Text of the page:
Klonapin necessary to sleep

Discussion in 'Fibromyalgia Main Forum' started by chris350, Nov 2, 2006.

  1. chris350

    chris350 New Member

    Hey Guys,

    I take Klonapin at night b/c my legs (now body) jerks as I am trying to go to sleep. I take 4mg at night. My doctor refuses to add 1 or 2 mg to this so I will sleep better. Anyone else take Klonapin?
  2. suz45

    suz45 New Member


    Hi I tahe Klonopin to control a seizure disorder 2mg am and 2mg at night to stop noctunal seizures.. I am very familiar on both a personal and professional level with this med, 4 mg at one dosage is a moderate to high dose. Have you talked to your doctor about other meds as Klonopin is for seizures, myoclonus, and an anti anxiety medication. He is probably being cautious. There may be other meds you can use for your legs that may be more effective. Talk to him/her.

    Hope you find relief soon.

  3. for the same reason. Severe limb/torso/body jerks. I previously was on 2mg/day and then 3mg a day, 1mg 3x's a day... THEN dr's kept increasing it for every problem I had. I mean, a surgeon ORDERED me to go to the ER once, 3 days after surgery, for severe nausea, shortness of breath, dizziness (get up and CRASH into walls/doorframes!), rapid heart rate.

    His concern was possible blood clot in the lung, which could happen after the procedure I had, & 2 of those symptoms matched. He wanted me to have a CT scan.

    After sitting in the ER over 7 hrs!!! and arguing with nurses & 1 doctor, trying to leave against medical advice (AMA)---

    The doctor came in, around 9pm, I said, "if I DID have a clot in my lung, I'd be DEAD by NOW anyways!!" (I had to send my sister home for my post-surgery pain meds, argh!)

    Once the dr saw "clonazepam" on my chart----instantly. "take more klonopin." increase it to 3.5mg. They DID "humor me" & do the CT scan, even when I told them, I DON'T WANT TO BE HERE worse then U don't want me HERE! I was ordered to come here by a surgeon! I still got the 'look' and "eat more klonopin"

    I'd had it at that point. Being treated like that, when I was not even ON IT for anxiety/depression. Even if I had been, dr.s have NO RIGHT to just do that for EVERY single problem..

    So, I tried to go off it.....WOW! I lost my mind, didn't sleep, worst body pain I ever had--and that was 2-3 wks into it,

    Now my pain clinic doctor put me back on it, after Lyrica got me jerking & twitching all over the place (Effexor, Paxil, & Remeron did the same! and it doesn't go away, it's permanent. Also on heart med thx to Effexor)..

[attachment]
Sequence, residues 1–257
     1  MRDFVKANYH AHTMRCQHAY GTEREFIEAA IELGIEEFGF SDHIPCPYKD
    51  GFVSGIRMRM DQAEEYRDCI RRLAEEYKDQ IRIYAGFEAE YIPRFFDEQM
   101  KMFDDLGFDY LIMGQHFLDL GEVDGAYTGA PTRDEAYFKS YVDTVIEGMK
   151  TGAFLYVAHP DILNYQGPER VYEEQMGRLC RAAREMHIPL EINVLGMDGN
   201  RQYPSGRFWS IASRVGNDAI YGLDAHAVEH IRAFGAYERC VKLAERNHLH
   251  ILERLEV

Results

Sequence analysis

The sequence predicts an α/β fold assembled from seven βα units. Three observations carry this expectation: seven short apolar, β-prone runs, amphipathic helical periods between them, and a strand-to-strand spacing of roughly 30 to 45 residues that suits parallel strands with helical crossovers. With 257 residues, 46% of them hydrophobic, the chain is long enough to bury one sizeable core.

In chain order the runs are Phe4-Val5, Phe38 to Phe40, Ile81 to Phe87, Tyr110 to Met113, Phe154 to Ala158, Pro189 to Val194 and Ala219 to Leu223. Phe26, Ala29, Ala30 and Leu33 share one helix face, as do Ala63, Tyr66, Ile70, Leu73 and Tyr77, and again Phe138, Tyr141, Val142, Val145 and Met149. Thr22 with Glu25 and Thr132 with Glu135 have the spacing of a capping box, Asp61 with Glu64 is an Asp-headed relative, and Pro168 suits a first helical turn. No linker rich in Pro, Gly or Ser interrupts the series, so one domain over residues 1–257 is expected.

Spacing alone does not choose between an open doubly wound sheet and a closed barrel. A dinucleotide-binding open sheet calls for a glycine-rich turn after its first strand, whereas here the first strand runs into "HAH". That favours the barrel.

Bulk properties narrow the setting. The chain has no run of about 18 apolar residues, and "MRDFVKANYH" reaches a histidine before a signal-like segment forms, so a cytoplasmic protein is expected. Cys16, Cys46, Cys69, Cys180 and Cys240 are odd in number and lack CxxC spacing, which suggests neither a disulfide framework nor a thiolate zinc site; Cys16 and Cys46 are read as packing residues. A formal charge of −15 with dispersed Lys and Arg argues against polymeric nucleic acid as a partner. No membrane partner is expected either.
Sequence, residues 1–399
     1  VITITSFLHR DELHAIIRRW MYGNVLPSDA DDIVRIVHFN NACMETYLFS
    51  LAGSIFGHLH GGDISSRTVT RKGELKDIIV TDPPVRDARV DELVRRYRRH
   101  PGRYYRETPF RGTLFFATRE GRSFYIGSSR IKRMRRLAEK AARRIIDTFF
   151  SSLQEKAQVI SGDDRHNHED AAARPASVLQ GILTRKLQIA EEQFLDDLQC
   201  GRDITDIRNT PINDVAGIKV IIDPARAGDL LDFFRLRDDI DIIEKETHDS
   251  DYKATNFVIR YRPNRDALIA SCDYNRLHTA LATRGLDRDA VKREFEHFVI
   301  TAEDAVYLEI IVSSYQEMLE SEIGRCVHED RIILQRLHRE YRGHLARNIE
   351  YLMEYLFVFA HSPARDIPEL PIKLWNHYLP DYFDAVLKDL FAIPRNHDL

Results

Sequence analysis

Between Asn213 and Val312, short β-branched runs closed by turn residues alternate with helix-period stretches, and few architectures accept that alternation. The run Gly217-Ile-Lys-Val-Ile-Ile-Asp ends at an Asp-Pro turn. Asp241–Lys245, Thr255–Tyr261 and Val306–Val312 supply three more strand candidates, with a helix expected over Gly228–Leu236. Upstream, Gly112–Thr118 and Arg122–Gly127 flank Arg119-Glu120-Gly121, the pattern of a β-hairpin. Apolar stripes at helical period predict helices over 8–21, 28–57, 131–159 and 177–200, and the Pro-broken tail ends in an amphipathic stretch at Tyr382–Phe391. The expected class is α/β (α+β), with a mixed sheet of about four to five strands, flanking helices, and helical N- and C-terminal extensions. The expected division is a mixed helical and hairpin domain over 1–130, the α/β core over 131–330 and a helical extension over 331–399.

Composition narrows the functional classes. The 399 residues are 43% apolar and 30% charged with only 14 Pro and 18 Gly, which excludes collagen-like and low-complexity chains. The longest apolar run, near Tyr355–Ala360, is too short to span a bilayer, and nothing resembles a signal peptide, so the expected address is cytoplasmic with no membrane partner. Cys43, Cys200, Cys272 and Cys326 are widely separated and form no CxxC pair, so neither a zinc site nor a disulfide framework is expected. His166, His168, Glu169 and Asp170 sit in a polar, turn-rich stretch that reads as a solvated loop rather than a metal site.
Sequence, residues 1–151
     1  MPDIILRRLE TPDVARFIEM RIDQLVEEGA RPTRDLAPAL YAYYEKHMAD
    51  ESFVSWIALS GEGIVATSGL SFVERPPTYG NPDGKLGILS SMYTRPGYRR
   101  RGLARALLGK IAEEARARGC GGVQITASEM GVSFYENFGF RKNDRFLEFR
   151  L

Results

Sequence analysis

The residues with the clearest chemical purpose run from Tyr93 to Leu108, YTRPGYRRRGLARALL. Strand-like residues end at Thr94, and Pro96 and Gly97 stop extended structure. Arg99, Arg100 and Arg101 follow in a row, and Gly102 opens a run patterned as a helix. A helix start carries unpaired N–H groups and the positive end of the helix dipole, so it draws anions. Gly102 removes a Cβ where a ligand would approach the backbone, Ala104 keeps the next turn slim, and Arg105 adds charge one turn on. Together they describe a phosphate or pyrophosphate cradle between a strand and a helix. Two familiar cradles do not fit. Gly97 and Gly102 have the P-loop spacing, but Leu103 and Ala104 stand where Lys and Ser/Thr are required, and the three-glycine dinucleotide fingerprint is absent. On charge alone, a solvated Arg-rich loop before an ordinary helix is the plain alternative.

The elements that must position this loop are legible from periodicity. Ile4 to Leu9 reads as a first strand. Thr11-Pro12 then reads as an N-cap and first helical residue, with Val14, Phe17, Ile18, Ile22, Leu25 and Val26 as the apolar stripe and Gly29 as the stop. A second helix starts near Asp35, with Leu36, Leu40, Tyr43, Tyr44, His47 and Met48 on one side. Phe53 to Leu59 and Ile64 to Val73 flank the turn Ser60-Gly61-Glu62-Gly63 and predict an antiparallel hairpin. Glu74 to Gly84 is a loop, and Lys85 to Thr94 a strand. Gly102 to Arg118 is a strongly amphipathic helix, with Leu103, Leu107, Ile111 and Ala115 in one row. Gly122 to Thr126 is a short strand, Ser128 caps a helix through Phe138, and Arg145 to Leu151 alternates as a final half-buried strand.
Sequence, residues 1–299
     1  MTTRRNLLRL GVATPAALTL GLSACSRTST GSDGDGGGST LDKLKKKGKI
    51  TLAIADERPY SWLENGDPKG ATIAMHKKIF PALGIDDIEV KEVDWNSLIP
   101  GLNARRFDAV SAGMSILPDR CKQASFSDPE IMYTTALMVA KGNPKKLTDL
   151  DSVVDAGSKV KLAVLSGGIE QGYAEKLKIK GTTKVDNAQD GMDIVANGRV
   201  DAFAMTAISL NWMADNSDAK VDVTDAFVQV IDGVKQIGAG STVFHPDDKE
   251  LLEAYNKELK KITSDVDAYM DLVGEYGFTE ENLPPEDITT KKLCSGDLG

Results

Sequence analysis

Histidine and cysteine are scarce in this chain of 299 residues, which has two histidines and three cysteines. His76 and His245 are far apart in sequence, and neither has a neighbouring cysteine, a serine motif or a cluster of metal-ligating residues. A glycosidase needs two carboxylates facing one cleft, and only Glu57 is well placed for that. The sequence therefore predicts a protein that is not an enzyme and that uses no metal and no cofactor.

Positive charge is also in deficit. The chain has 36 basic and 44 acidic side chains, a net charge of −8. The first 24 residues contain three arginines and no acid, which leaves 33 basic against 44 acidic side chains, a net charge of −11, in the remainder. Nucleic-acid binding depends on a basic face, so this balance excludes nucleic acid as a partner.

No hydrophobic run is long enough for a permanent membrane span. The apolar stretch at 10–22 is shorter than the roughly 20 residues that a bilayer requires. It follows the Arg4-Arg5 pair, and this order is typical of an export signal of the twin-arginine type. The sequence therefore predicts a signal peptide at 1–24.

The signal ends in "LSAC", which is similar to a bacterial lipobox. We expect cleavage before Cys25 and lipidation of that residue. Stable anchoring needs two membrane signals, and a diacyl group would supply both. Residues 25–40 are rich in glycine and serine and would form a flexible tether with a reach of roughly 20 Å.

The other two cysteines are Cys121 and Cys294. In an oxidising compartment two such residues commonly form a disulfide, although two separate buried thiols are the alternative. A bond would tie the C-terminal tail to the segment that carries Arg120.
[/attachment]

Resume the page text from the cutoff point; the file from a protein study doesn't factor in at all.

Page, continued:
I'm only on 1.5mg though, it does need to be increased now, probably 6 months later, for the jerking, but, it has never helped me sleep unfortunately.

    I've been put on Ambien, Lunesta 3mg, etc they don't work either. I just have chronic insomnia, that has gotten to be year round, instead of just my winter flares.

    Good luck to you, I hope you can find something...more related to sleep meds, that can help.

    I DO have a friend with MS, who takes 4 or 5 mgs, he's been on it for many many years, he's in his 60's. It's for his anxiety & panic attacks though...

    I agree 4mg is a pretty high dose to take at one time, but, definitely not judging you, or your doctor, not at all. But, if it's not working, maybe time to try something else, or a combination..

    Best of luck to you.

  4. chris350

    chris350 New Member

    Thanks all for your response. I have run out of the Med before time to get refilled and tried to do w/out it. I can not sleep and I feel horrible so I guess I am physically addicted to the med. I would give anything to find an alternative. I have tried everything natural even the soap under the sheet with no help at all.

    God Bless and Thanks to all!
  5. Personally, for ME, I'm wondering, & kind of wishing, my docs would try a MUSCLE RELAXER for the twitching & jerking, but, I'm ok with staying on the clonazepam too..but, while, as long as they increase the dose as needed, I don't jerk, I do still have (just here lately) horrible cramping/spasming again in my feet & calf muscles, now shoulders & neck---love allll the additional pain winter brings out, that you almost* forget about in late spring/summer.

    I always think I couldn't hurt more than I do....then about September or so, rolls around, and my thoughts are frequently "OMG! I HURT SO BAD!!!"

    Have you then, tried ambien, or sonata, or Lunesta for sleep (even in *addition* to the klonopin?) They certainly haven't worked for me, but, I swear to you, I have NOT metabolized, or reacted the same to meds every since my gallbladder was removed 10-2000.

    My mother would tell you the same for her. she has fibro, is a endometrial cancer survivor of 11 yrs, has diabetes & diverticulitis. She had her gb removed SIX weeks before I did. LOL Talk about "like mother like daughter"

    She is not quite as bad as I am though, most meds don't work well for her either, but, pain meds (she hardly takes tylenol, though, so the ocasional Darvocet, or LOW dose Lortab) will knock her goofy & absolutely sick. Not me.

    Hardly ANYTHING works for me, but I certainly get the "rare" side effects from tons of them. Some side effects, I get told "its not the med" when I know it IS. I look it up online, or in the physicians desk reference...sure enough, under "rare but possible side effects" would be what I'd be having.

    A prime example, is before my gallbladder surgery, Phenergan-I was on it round the clock for vomiting, 1 pill could* knock me on my butt for 14-18hrs, after surgery--NOTHING. it never did control nausea, but, I was still put on 25-50mgs every 4 hrs, and wouldn't be the slightest bit groggy. Another is benadryll...while it will* help allergic itching. Doesn't make me sleepy at ALL now. Flexeril---doesn't work at all for *anything* etc..

    It really stinks. I just have a MAJOR tolerence for meds now, many do nothing. Anti-convulsants, in high doses (nerve pain) will help in sleep at times.

    Provigil, I was put on that cpl wks ago, dr was thinking, "provigil(200mg) in the day, then Lunesta at night" to get a sleep cycle. My 4th day on Provigil (side effects) and I fell asleep 2hrs after I took it.